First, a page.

Arm wiring is a gold plated printed circuit board-type cable, in a single piece from the cartridge tags to the phono sockets on the back panel. Connection to the phono stage is via a cable having RCA plugs at both ends. It tops off what is a genuinely interesting tonearm design that’s a world away from the usual bundled Jelcos or OEM Rega types.
For this review, Vertere supplied its Sabre moving magnet pickup cartridge. It features a precision-machined CNC body milled from a solid aluminium block, with the stylus and generator fixed to the body via four spiked bolts. The generator features small, light, high strength Alnico magnets, and no adhesives were used in the mounting. The Sabre produces a claimed 4mV output and weighs around 10.3g. Its frequency response is said to be from 15Hz to 25kHz, with compliance of 10cu. It has a nice protective stylus guard too!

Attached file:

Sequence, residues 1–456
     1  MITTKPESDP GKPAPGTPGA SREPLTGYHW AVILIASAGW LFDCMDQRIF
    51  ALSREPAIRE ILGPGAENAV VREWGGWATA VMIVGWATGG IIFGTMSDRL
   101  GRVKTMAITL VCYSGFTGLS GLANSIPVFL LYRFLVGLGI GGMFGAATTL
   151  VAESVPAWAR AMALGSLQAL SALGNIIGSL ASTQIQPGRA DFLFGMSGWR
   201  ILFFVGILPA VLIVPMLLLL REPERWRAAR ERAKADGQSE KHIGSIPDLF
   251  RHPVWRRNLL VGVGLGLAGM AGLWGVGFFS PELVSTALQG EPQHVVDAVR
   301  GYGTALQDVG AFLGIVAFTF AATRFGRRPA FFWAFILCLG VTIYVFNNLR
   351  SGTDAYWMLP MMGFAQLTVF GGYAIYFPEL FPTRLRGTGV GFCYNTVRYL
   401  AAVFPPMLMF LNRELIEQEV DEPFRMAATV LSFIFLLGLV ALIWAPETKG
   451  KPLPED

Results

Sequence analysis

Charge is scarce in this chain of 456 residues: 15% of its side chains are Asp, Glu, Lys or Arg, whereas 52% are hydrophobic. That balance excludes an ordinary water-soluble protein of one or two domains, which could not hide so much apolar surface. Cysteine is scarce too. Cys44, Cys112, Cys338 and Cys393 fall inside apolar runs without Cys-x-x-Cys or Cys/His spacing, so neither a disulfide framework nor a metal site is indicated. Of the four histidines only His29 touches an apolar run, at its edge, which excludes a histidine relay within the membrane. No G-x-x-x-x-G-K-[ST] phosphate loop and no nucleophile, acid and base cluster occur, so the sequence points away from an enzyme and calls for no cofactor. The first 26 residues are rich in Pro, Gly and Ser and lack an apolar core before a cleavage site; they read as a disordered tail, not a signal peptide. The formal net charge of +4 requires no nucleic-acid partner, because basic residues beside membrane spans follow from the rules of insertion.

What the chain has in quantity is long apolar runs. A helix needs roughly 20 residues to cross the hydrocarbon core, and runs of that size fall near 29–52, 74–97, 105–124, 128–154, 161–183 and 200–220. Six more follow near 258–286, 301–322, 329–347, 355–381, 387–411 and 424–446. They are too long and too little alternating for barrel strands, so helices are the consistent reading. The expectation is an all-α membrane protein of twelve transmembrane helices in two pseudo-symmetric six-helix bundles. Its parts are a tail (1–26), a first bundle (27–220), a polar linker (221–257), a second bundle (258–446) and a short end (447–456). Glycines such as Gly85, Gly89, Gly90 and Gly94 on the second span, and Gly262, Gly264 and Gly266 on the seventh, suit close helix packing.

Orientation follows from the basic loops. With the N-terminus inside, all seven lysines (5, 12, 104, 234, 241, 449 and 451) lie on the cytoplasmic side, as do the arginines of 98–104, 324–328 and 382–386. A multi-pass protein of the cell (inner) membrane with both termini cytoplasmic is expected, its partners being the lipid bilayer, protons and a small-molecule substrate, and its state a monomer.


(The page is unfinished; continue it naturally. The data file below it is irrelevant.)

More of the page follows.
The Sabre’s rigid construction mirrors the best MC designs, and perhaps as a result, it offers crisp dynamics and superior detail compared to typical MM cartridges. Recommended playing weight falls between 1.9g and 2.1g. I found its tracking ability to be good, but for very highly modulated LPs you will need to set the downforce to the 2.1g maximum. The stylus is elliptical, and user-replaceable should the need arise.
The DG-1 has a warm, smooth and tonally rich presentation. The sound is detailed and clear but not clinically sharp or immediate. If I describe it as ‘very analogue’, that’s meant as a compliment! Through Vertere’s own Phono 1 Mk II phono stage, I found this turntable package to be both inviting and relaxing to listen to. Its presentation focuses your attention on the music rather than the sound of the music.